Kyle Fiske grew up on a farm near the Canadian border in rural northern New York State.
He studied history and English at St. Lawrence University and the University of Copenhagen, as well as museum studies at Tufts University. Kyle was a competitive fencer for several years and has been a practitioner of Chinese martial arts for more than two decades, with a special focus on swordsmanship. He is the author of the short story collection Even Closer Than the Sea, and he’s also a long-time guitar player and songwriter. Kyle now makes his home on scenic Cape Ann, Massachusetts.
How long did it take you to make this volume? How did you proceed to find information? Where did you start from?
It took me just under two years to write and revise the story to a point where I was ready to submit it to publishers. After I signed the publishing deal with Earnshaw Books, it was probably another nine or ten months of working with the publisher to edit and rewrite some scenes before it was finished.
This was my first historical novel, and when I started writing it, I didn’t realize how much I didn’t know. I was pretty comfortable with the structure of a novel, with dialogue, with martial arts scenes, and with character development, but I greatly underestimated how much research would be involved to reach even a baseline of historical authenticity. And I was not just writing of a time period that was far removed from the present, I was also writing about a culture that I had very limited first-hand experience with. It was a challenge. When writing a simple dinner scene in China in 1900, so many questions arise. What foods were common in that province, and at that time of year? What could a family of average means afford? How were the dishes prepared? Where did they get their water? What fuel was used to cook with? What was the etiquette of eating a meal? It’s a lot to consider. My primary source material was the published journal of Eva Jane Price, an American missionary in China with her family during this time period. I also read several major nonfiction accounts of the Boxer Rebellion to better understand the broader political, social, and cultural aspects of the conflict. I certainly also went online to search out a myriad of sources for historical details.
Who is Wayland Cooper? Why is he in China?
Wayland cooper is 19 years old. He’s the son of American missionaries, and he spent his early childhood near Boston, Massachusetts. The story of Dragons and Boxers begins in the year 1899, and at that point Wayland has been in China with his family for five years. He’s learned the language and he’s reasonably happy in China, but he’s a bit unsettled. In many ways, this is a coming-of-age story, as Wayland is at a transitional time in his life, trying to map out his future. Before he can come to any decisions, however, he’s swept up by wider historical events, and his path takes a tragic turn that he never could have imagined. He’s caught between the West and China, and while he as a deep affinity for both, he’s not completely at home in either.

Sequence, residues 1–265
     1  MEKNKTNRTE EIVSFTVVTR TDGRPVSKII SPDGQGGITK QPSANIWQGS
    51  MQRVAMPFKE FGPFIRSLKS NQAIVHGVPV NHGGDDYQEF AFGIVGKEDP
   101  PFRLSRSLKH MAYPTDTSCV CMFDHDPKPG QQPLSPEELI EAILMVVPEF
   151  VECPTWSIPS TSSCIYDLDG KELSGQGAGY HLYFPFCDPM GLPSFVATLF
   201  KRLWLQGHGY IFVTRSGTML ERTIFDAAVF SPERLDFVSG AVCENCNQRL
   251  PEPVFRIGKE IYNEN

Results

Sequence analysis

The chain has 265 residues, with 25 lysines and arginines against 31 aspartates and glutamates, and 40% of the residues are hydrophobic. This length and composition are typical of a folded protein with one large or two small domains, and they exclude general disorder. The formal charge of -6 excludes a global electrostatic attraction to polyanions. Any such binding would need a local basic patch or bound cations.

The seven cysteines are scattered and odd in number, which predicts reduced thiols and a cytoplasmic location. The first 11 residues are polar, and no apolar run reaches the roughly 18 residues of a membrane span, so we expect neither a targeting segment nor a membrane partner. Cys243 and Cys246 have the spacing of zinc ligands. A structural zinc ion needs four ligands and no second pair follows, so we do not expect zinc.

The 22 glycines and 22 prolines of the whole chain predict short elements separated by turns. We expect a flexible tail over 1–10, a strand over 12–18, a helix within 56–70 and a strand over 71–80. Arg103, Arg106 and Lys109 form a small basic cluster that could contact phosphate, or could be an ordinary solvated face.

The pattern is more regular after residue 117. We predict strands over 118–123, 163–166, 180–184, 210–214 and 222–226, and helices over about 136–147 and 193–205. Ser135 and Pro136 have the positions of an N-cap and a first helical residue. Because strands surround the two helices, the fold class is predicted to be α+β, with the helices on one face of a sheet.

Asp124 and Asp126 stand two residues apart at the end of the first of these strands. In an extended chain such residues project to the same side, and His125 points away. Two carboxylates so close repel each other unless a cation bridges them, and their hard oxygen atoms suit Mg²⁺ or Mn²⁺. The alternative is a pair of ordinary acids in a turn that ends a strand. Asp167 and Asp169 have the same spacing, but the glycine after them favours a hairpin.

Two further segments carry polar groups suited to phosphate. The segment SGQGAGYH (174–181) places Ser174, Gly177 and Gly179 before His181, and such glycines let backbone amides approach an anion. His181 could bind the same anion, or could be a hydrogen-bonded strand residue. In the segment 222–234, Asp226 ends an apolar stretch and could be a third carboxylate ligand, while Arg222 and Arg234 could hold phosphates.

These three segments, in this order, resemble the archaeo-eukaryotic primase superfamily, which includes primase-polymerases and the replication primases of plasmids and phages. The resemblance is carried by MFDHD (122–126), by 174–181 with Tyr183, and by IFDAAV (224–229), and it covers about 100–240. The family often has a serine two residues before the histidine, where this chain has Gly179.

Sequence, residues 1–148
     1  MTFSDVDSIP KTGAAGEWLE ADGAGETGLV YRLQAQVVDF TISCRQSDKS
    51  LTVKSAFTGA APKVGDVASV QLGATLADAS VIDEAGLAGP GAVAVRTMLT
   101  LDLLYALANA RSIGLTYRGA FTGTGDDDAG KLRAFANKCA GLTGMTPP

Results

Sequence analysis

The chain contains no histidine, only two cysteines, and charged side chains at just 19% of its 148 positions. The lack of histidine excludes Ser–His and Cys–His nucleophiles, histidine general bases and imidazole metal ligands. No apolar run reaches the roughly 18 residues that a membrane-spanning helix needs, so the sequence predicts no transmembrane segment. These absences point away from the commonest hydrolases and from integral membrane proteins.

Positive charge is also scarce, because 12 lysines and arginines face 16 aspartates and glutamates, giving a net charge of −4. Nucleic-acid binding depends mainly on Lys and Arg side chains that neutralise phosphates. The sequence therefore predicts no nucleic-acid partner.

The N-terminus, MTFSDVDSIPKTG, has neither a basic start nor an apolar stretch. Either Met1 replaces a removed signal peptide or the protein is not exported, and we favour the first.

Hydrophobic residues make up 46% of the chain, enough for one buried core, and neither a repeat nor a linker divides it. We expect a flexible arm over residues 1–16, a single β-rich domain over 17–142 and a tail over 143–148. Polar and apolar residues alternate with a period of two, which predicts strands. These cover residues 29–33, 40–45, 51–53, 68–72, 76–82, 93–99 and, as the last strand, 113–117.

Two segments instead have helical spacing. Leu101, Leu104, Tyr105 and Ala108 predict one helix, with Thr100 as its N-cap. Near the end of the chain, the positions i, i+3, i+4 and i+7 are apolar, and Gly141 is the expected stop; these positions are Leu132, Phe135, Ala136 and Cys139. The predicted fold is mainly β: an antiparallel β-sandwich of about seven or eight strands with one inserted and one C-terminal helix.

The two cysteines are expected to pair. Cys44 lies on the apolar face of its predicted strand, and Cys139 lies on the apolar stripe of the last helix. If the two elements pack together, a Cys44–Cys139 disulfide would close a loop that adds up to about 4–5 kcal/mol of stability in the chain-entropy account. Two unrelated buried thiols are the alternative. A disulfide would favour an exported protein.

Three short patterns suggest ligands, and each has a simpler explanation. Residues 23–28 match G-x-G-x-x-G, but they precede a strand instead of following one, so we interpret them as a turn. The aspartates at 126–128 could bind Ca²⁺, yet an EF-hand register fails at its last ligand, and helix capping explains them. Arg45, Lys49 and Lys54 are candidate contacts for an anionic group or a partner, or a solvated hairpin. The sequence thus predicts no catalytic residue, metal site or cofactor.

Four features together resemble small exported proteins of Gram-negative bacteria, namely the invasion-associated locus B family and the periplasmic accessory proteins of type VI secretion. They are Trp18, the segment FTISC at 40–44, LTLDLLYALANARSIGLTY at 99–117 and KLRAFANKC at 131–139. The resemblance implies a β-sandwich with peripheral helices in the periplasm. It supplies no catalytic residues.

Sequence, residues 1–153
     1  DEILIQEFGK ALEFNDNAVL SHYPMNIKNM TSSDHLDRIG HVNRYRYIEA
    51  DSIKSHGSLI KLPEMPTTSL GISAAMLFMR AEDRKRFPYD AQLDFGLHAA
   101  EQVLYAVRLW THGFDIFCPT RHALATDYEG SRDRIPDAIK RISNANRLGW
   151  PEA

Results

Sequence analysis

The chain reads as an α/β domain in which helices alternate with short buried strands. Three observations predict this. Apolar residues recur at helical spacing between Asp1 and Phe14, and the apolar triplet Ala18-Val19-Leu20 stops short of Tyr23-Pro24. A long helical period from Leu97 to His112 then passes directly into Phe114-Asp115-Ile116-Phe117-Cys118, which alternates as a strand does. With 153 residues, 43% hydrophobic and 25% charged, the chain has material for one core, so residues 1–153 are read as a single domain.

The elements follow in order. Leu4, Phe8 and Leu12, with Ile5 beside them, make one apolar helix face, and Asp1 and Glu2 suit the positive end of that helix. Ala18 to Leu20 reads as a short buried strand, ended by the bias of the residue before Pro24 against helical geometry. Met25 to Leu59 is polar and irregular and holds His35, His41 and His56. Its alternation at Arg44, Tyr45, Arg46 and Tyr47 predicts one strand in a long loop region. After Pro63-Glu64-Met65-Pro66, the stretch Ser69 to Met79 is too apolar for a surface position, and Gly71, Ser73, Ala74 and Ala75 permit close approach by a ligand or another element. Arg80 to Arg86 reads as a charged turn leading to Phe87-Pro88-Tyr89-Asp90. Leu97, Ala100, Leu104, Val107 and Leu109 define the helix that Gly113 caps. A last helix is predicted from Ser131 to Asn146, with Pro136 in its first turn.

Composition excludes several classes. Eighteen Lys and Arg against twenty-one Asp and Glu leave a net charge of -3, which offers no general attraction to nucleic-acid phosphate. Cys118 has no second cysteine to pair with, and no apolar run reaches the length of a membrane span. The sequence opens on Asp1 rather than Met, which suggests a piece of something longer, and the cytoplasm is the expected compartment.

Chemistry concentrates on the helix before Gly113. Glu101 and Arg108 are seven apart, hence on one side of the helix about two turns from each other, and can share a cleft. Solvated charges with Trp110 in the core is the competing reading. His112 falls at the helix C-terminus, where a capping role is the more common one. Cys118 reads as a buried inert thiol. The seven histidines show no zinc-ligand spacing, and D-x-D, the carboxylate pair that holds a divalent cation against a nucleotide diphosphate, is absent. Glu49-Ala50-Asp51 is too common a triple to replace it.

Why did you choose this particular historical period?
I find the Boxer Rebellion setting to be incredibly fascinating from an historical perspective, as there was just so much going on. It was the tail-end of the centuries old Qing dynasty in China, with its ancient traditions and power being challenged and supplanted by the forces of Western modernity. But it was also the twilight of Old Europe and its imperialistic expansion. While the Western colonial powers held sway over China at this time, in all their hubris, they themselves were only fifteen years or so away from the horrors of the First World War and the complete dissolution of the old order of Europe. The Austro-Hungarian empire would fall, Germany would be defeated and humiliated, Tsarist Russia would fall to the Bolsheviks, and France, England, Italy and others would lose a generation of young men and see their empires fade. And this would all set the stage for the Second World War.
The Boxer Rebellion was the cultural conflict of East meeting West, and of Christianity meeting the Chinese traditions of Buddhism, Taoism, and Confucianism. It was also a political, economic, and military conflict between China and all the major world powers, and for all sides there was the overarching issue of the old religious traditions giving way to secular, materialistic modernity. Many of these issues still resonate today.
What was the cultural atmosphere of the foreign community where Wayland arrived?
For that part of the story I drew heavily on the actual journals of Western missionaries in China at the time. It’s been said that all eras overemphasize some virtues and under-emphasize others, and I think that’s true in this case. In the hyper-secular age that we in the West now inhabit, it’s often difficult for us to appreciate the religious motivations and courage of the missionaries of that era. While today we might place a higher value on mutual respect and cultural appreciation, the missionaries of that time cared more about truth. Quite simply, they believed that Christianity was uniquely true, and the most generous and selfless act possible for them was to give up their own earthly comforts for the sake of sharing this truth with the Chinese people–to save their souls.
A number of the missionary families in Shanxi province at that time (and particularly the family I based my story on) were quite isolated from other Westerners. They would occasionally visit or receive visits from other missionaries or Westerners for holidays or special events, but most of the time they were on their own in Chinese cities. When it came to food, clothing, furniture, art, leisure, and other things, it seems they adopted a mix of their own cultural traditions and elements of Chinese culture that they found more appealing or more readily available.